How your smartphone can become a real pain in the wrist
You’ve likely heard about the dangers of texting and driving, or the anxiety that too much social media can create if you’re constantly comparing yourself to others online. But there’s another less-obvious risk to overusing your smartphone that you may not have thought about: texting thumb.
"The medical term for texting thumb is De Quervain’s tenosynovitis," explained Dr. Glen Jacob, MD, a hand surgeon at Geisinger Wyoming Valley in Wilkes-Barre. "The condition can make it hard to do anything that involves your hands, such as lifting, turning your wrist or making a fist."
The common causes of De Quervain’s tenosynovitis
Excessive texting is one of the potential causes of De Quervain’s tenosynovitis, but it’s by no means a modern malady. It’s also been called "washerwoman’s sprain" and "mommy thumb," which is good evidence that the condition has been around for a very long time. It’s an injury that can happen anytime you overuse your hands and wrists, such as lifting a small child repeatedly or playing tennis and other racket sports.
"People with De Quervain’s tenosynovitis experience pain and tenderness at the base of the thumb and into the side of the wrist," said Dr. Jacob. "It occurs when two of the tendons in your wrist become irritated from overuse."
A tendon is a rope-like structure that stretches and contracts to create movement in your body. Normally, the two tendons in your wrist involved in De Quervain’s tenosynovitis slide back and forth smoothly in a tube or canal called a compartment.
However, when they are overused, the sheath around the tendon gets inflamed. The tunnel around the tendon narrows and causes the tendon to rub when moving, which makes the inflammation even worse. As a result, you feel pain and may even experience a popping sensation when you try to move your thumb.
You’re more likely to experience De Quervain’s tenosynovitis if you are:
- Between the ages of 30 and 50.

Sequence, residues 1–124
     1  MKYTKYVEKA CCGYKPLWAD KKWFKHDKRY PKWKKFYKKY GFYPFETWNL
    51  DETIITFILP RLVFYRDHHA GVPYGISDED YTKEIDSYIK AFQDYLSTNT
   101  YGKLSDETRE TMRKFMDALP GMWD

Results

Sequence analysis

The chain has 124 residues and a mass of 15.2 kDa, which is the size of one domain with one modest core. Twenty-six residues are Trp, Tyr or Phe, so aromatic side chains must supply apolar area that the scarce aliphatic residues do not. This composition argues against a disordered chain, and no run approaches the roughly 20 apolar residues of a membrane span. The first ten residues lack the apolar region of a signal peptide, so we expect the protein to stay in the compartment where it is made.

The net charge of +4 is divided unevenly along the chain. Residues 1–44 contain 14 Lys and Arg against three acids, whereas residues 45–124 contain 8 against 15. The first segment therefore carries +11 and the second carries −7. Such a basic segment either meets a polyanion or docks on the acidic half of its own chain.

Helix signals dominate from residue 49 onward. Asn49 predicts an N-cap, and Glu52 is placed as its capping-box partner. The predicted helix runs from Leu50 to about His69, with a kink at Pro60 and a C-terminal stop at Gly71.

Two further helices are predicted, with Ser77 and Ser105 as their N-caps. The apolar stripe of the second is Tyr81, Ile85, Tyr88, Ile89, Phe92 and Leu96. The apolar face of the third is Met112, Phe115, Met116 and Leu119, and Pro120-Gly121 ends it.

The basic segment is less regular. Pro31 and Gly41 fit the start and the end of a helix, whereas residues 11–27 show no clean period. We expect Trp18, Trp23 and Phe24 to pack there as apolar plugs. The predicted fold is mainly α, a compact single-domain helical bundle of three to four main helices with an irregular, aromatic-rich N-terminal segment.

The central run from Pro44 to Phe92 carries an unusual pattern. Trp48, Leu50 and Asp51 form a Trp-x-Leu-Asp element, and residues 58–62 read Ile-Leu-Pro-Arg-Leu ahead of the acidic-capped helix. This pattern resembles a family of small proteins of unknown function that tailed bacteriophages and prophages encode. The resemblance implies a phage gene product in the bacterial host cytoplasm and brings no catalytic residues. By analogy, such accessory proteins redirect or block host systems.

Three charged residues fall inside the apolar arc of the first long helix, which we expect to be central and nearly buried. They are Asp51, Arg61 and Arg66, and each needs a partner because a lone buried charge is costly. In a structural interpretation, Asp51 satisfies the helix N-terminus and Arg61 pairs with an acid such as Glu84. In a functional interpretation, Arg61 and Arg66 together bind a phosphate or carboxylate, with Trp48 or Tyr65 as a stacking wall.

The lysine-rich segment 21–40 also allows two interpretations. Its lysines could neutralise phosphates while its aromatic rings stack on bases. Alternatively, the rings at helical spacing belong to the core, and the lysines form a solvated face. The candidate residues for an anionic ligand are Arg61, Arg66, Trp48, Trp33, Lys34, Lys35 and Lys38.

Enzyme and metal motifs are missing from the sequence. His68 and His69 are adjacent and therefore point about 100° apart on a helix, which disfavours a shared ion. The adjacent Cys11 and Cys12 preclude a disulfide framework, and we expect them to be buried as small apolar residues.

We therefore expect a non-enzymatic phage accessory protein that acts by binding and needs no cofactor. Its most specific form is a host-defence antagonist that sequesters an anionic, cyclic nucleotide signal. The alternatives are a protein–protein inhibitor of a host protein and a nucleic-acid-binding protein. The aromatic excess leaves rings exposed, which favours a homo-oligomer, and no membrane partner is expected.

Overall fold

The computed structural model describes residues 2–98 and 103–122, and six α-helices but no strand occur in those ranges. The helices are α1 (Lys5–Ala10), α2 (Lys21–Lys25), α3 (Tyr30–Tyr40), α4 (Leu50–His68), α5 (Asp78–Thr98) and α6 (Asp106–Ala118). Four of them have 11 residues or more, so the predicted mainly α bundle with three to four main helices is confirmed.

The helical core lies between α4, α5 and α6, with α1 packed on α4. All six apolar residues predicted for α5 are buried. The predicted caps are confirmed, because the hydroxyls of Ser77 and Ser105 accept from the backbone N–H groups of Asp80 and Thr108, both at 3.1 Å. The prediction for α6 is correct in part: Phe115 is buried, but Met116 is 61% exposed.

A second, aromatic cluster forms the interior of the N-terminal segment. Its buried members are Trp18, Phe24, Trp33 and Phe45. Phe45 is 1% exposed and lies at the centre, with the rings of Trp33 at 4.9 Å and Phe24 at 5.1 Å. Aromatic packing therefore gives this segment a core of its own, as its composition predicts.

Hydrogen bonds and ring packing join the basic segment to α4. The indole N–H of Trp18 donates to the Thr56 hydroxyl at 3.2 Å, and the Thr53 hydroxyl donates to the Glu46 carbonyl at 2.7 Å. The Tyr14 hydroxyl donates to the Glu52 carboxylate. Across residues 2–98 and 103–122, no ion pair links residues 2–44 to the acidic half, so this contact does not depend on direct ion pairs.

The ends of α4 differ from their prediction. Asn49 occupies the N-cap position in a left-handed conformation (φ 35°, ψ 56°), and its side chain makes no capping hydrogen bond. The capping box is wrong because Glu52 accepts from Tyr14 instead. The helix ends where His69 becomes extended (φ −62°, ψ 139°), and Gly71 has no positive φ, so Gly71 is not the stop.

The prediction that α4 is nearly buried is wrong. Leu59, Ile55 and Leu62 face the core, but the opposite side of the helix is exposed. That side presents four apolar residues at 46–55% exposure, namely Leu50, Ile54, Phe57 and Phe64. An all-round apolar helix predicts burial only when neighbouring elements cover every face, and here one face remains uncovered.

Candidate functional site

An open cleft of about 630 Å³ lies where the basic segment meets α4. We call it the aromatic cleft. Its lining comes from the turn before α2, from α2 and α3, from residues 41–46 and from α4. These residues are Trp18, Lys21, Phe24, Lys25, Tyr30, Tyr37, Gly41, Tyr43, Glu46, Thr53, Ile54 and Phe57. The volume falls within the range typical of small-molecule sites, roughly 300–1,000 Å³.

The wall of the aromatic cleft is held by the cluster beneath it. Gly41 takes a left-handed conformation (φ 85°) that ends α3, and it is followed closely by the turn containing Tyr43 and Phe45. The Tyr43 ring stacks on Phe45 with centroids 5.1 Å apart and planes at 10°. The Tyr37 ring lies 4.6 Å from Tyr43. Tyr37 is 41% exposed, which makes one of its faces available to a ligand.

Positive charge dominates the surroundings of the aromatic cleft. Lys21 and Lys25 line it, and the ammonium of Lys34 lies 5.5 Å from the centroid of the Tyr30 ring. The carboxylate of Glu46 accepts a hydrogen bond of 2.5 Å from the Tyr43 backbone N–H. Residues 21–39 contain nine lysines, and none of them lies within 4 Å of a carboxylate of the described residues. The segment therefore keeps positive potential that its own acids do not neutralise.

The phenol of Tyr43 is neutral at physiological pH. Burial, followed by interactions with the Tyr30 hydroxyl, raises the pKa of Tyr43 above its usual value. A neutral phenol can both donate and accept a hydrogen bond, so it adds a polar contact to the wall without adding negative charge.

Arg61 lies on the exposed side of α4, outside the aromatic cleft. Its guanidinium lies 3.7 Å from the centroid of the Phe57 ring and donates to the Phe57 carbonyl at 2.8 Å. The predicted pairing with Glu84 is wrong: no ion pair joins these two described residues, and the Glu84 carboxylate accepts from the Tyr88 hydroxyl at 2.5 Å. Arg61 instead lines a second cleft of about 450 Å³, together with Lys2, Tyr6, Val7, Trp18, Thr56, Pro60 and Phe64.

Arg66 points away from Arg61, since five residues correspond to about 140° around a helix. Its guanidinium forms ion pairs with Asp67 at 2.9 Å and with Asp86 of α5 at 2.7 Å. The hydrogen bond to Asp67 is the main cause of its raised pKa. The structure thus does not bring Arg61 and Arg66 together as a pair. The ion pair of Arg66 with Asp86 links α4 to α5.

- A woman and a mother (but new dads are affected, too).
- Participate in hobbies that require repetitive hand movements, such as video gaming, gardening and tennis.
"While certain people are at greater risk because of their lifestyle, job or hobbies, anyone can experience the condition if they frequently perform an activity that requires repetitive motion of the hands or wrist," said Dr. Jacob.
Conservative treatment options usually help
If you’re experiencing symptoms of De Quervain’s tenosynovitis, it’s not a good idea to ignore them and hope they’ll go away. Usually, the opposite happens; the symptoms get worse if left untreated.
Fortunately, the evaluation of the condition is easy and non-invasive. Your doctor or a specialist will simply bend and maneuver your hand and wrist to determine what causes pain and the nature of your symptoms. Based on the results of this test, your doctor will be able to determine a diagnosis.
If you do have De Quervain’s tenosynovitis, conservative treatment is usually effective. It may include anti-inflammatory medications and a corticosteroid injection to help reduce the inflammation. You may also be provided with a brace to immobilize your wrist and thumb.
In some cases, you’ll also need to visit a hand therapist who will teach you exercises that will help strengthen your muscles and reduce future flair-ups.
"In rare cases, surgery may be required," said Dr. Jacob. "However, the best approach is to start with the least invasive treatment, which works for most patients."
Dr. Glen Jacob, MD, is a fellowship trained hand surgeon at Geisinger Wyoming Valley in Wilkes-Barre. To schedule an appointment with Dr. Jacob or another Geisinger orthopaedic specialist, call 570-275-6401 or visit Geisinger.org.